A national survey of managed honey bee 2010-11 winter colony losses in the USA: results from the Bee Informed Partnership Public Deposited

http://ir.library.oregonstate.edu/concern/defaults/n583xv65w

To the best of our knowledge, one or more authors of this paper were federal employees when contributing to this work. This is the publisher’s final pdf. The published article is copyrighted by International Bee Research Association and can be found at:  http://www.ibra.org.uk/.

Descriptions

Attribute NameValues
Creator
Abstract or Summary
  • This study records the fifth consecutive year that winter losses of managed honey bee (Apis mellifera) colonies in the USA have been around 30%. In April 2011, a total of 5,441 US beekeepers (an estimated 11% of total US beekeepers) responded to a survey conducted by the Bee Informed Partnership. Survey respondents reported that they had lost an average of 38.4% of their colonies, for a total US colony loss of 29.9% over the winter of 2010-11. One-third of respondents (all classified as backyard beekeepers, i.e. keeping fewer than 50 colonies) reported no winter loss. There was considerable variation in both the average and total loss by state. On average, beekeepers consider acceptable losses to be 13.2%, but 68% of all responding beekeepers suffered actual losses in excess of what they considered acceptable. Of beekeepers who reported losing at least one colony, manageable conditions, such as starvation and a weak condition in the fall, were the leading self-identified causes of mortality. Respondents who indicated that varroa mites (Varroa destructor), small hive beetles (Aethina tumida), poor wintering conditions, and/or Colony Collapse Disorder (CCD) conditions were a leading cause of mortality in their operations suffered a higher average loss than beekeepers who did not list any of these as potential causes. In a separate question, beekeepers who reported the symptom "no dead bees in hive or apiary" had significantly higher losses than those who did not report this symptom. In addition, commercial beekeepers were significantly more likely to indicate that colonies died with this symptom than either backyard or sideliner beekeepers.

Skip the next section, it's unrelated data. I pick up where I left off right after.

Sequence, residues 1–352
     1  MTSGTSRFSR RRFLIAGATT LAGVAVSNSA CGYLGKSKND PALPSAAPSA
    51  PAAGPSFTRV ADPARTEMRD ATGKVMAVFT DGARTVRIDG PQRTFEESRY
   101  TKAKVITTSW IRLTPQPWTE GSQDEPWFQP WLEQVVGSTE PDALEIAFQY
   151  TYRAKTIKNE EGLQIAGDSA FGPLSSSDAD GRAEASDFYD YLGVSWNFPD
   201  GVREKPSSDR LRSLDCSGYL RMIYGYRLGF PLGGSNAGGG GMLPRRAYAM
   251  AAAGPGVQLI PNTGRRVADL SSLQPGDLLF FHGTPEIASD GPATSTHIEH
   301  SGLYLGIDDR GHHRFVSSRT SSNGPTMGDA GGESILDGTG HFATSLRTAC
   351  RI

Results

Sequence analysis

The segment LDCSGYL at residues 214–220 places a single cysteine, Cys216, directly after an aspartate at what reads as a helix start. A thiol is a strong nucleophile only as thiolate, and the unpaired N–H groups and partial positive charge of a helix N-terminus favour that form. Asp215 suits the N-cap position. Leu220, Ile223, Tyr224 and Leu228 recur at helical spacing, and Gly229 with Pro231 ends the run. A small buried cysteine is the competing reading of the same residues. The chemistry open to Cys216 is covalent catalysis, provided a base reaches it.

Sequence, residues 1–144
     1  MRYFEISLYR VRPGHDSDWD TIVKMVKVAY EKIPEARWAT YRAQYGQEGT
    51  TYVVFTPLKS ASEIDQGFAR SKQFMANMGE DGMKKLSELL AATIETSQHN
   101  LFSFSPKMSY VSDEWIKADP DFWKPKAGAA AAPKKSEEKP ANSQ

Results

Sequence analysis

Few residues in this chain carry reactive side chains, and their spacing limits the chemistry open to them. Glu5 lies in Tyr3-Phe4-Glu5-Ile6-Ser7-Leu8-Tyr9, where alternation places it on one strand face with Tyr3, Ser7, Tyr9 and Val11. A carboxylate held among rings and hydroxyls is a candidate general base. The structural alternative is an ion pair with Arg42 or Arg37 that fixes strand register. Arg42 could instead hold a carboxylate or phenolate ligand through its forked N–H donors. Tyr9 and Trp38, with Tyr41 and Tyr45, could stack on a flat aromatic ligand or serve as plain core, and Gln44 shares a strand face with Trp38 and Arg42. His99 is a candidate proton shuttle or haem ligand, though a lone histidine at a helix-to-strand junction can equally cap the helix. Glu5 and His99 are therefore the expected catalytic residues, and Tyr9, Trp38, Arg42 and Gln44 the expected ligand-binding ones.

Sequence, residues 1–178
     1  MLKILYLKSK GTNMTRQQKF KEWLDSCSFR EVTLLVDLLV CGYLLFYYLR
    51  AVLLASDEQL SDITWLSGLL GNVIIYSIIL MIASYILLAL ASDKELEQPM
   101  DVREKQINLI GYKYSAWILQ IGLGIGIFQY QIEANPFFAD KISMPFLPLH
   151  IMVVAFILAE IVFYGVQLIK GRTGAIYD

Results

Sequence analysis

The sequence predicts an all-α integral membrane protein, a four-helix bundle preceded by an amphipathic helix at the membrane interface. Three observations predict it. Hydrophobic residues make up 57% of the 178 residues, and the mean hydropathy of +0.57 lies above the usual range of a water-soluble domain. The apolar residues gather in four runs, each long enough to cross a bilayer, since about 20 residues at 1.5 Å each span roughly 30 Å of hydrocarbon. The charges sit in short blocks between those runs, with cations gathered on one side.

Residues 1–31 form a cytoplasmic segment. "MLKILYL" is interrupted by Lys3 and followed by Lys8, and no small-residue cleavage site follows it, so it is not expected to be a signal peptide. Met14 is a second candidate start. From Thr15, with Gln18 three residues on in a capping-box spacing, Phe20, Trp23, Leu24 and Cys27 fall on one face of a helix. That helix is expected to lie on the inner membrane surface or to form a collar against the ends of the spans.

Resource Type
DOI
Date Available
Date Issued
Citation
  • Vanengelsdorp, D., Lee, K., Roccasecca, K., Wilson, M., Wilkes, J., Lengerich, E., . . . . (2012). A national survey of managed honey bee 2010-11 winter colony losses in the USA: Results from the bee informed partnership. Journal of Apicultural Research, 51(1), 115-124. doi: 10.3896/IBRA.1.51.1.14
Academic Affiliation
Series
Keyword
Rights Statement
Funding Statement (additional comments about funding)
Publisher
Peer Reviewed
Language
Replaces
Additional Information
  • description.provenance : Made available in DSpace on 2013-01-23T22:55:17Z (GMT). No. of bitstreams: 1 CaronDeweyHoticultureNationalSurveyManaged.pdf: 463299 bytes, checksum: 794cfed05c25353f46e01de1046516e4 (MD5) Previous issue date: 2012
  • description.provenance : Approved for entry into archive by Deborah Campbell(deborah.campbell@oregonstate.edu) on 2013-01-23T22:55:17Z (GMT) No. of bitstreams: 1 CaronDeweyHoticultureNationalSurveyManaged.pdf: 463299 bytes, checksum: 794cfed05c25353f46e01de1046516e4 (MD5)
  • description.provenance : Submitted by Deborah Campbell (deborah.campbell@oregonstate.edu) on 2013-01-23T21:17:41Z No. of bitstreams: 1 CaronDeweyHoticultureNationalSurveyManaged.pdf: 463299 bytes, checksum: 794cfed05c25353f46e01de1046516e4 (MD5)

Relationships

Parents:

This work has no parents.

Last modified

Downloadable Content

Download PDF

Items